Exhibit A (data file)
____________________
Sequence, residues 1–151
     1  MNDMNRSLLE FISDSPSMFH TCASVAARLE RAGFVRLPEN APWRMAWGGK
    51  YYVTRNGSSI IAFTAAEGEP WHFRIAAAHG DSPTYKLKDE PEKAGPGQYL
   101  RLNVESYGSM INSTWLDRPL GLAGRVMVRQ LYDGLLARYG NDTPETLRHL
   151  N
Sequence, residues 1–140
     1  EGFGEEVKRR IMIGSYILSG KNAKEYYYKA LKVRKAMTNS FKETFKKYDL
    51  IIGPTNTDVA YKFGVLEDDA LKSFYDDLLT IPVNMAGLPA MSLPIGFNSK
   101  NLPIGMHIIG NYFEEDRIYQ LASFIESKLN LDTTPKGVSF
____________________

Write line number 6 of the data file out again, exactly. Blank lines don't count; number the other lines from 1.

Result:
Sequence, residues 1–140